[RFC/RFA] gdbreplay V2.0

teawater teawater@gmail.com
Thu Jul 3 01:56:00 GMT 2008

It can work with reverse command of "msnyder-reverse-20080609-branch"?

On Wed, Jul 2, 2008 at 12:49, Michael Snyder <msnyder@specifix.com> wrote:
> Here's a new contribution -- I call it gdb-freeplay, an
> improved and less restrictive version of gdbreplay.  Its
> something I've been playing around with for some time now.
> This is a remote protocol logger/replayer, that works in
> principal just like gdbreplay -- it even uses the same
> logfiles, with no changes or enhancements.
> However, where gdbreplay constrains you in the replay session
> to giving *exactly* the same commands, in *exactly* the same
> sequence, as were used in the recorded session, gdb-freeplay
> frees you of that constraint -- you can change the order of
> the commands, or skip them entirely, even skip ahead past an
> arbitrary number of execution events to get to the "interesting"
> ones.
> You use step and next just like you did in the recorded
> session, but now you can set a breakpoint and continue on
> ahead to a later part of the session, even if you did not
> do so in the original session.  You can even next over a
> function call that you originally stepped into -- so long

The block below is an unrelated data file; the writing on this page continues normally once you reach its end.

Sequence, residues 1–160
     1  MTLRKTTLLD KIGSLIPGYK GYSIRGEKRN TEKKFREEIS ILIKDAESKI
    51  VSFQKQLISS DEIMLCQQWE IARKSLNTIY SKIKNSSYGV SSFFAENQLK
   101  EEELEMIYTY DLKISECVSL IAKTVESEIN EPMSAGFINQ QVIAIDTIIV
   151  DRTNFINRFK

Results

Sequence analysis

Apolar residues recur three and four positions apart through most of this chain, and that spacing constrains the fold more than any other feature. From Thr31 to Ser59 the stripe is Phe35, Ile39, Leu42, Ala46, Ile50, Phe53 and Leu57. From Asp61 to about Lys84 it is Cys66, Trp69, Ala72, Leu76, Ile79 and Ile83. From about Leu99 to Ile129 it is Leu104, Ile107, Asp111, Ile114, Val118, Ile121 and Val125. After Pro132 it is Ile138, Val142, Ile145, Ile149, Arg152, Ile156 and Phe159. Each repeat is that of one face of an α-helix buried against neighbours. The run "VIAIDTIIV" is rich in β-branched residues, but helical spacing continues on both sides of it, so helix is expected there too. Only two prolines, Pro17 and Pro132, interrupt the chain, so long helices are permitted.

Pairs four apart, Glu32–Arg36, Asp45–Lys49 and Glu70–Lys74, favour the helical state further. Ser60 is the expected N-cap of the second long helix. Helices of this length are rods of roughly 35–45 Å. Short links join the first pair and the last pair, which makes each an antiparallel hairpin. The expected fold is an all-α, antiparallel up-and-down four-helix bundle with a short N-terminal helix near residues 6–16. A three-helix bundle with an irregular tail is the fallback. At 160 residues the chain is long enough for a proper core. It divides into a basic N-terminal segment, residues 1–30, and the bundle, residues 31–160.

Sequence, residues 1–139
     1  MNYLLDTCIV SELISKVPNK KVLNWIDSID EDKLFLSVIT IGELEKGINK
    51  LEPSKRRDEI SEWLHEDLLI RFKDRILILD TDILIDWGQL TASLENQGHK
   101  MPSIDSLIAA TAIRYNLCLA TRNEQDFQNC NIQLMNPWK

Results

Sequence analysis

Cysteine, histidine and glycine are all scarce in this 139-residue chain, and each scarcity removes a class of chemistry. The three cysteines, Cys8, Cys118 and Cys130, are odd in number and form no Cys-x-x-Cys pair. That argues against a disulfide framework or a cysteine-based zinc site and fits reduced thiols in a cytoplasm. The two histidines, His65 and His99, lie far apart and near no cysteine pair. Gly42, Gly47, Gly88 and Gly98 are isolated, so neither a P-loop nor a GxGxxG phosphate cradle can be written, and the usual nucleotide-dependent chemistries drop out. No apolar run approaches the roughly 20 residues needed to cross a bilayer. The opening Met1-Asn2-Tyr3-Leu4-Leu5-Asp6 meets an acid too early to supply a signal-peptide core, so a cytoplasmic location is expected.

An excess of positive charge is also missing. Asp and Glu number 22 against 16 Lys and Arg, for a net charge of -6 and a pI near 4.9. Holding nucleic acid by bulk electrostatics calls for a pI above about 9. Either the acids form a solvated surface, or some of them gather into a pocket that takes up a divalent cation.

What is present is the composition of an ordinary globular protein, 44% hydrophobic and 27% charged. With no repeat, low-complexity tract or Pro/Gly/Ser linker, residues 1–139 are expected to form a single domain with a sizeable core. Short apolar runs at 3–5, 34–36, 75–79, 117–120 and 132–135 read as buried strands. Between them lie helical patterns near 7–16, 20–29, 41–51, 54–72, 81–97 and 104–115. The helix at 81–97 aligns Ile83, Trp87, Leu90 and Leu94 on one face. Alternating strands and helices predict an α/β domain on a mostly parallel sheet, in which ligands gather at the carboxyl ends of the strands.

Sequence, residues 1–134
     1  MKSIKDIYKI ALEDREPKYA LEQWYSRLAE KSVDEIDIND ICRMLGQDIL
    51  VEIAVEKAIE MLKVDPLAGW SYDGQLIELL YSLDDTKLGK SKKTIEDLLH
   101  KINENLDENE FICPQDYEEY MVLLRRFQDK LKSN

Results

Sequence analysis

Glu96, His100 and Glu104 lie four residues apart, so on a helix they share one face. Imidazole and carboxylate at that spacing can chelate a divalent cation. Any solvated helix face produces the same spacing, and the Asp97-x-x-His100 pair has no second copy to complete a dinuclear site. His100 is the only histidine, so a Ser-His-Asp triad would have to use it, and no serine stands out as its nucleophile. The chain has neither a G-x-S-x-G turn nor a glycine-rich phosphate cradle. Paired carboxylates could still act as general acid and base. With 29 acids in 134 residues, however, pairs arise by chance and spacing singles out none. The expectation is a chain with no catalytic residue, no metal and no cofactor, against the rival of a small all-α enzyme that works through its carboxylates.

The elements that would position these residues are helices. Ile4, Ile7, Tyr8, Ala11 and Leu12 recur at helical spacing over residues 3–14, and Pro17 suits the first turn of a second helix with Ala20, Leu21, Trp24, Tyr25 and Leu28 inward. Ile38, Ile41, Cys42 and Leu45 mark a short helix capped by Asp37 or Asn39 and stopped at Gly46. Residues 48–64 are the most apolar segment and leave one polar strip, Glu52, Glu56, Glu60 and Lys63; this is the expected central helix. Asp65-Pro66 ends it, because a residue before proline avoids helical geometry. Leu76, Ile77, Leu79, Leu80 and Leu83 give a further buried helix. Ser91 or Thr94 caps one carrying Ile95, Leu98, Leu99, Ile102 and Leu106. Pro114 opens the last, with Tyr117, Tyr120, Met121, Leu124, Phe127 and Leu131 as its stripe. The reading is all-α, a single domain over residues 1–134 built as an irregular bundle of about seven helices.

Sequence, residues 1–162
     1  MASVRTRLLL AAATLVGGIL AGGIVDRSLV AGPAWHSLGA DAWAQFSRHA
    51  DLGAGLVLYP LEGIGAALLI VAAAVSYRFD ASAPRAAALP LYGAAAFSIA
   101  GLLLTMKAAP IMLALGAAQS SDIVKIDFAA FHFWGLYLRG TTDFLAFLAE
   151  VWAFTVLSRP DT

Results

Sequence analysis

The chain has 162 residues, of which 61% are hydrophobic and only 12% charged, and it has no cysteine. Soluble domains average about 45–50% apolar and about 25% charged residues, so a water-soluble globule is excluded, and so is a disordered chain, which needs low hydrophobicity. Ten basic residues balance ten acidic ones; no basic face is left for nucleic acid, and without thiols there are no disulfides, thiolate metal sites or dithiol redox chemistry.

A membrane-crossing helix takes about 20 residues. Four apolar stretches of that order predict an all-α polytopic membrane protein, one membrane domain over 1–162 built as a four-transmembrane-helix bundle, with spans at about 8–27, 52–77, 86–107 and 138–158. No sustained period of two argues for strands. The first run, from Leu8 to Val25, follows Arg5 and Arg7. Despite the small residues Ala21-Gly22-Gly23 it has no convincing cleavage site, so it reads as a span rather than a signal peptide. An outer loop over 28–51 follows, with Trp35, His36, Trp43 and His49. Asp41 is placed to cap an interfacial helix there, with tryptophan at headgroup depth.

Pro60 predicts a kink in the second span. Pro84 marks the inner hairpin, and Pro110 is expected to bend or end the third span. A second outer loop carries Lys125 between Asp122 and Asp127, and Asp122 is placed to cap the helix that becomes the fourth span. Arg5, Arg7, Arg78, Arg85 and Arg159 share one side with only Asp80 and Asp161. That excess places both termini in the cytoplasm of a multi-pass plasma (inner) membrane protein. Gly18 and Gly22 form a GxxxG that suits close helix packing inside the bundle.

> as you also stepped out of it.  Or you can skip out with
> "finish", even if you continued to debug the function
> interminably in the original session.
> You can print any variable(s) or registers that you
> examined before, in any order, even combine them into
> expressions that were not used in the recorded session
> (so long as all the values of the expression were evaluated).
> In many ways, it's a lot like tracepoint debugging.
> I picture it being useful for gdb testing -- we might
> even create hand-crafted "sessions" and use it to play
> them back to explicitly test parts of the remote protocol.
> I can also picture a user sending you a binary and a
> recorded log in which a bug happened -- you could debug
> it even with a cross-debugger, lacking the appopriate
> hardware (or simulator or what have you) -- and even if
> the recorded log was 50 megabytes long, you could skip
> ahead to the interesting bits.
> But frankly, I just wrote it because it was fascinating to do...
> Michael
> PS I've already written back-ends for x86, MIPS64, and x86-64.
> Most other target architectures should be fairly easy to add,
> and it will work with anything that uses the remote protocol.

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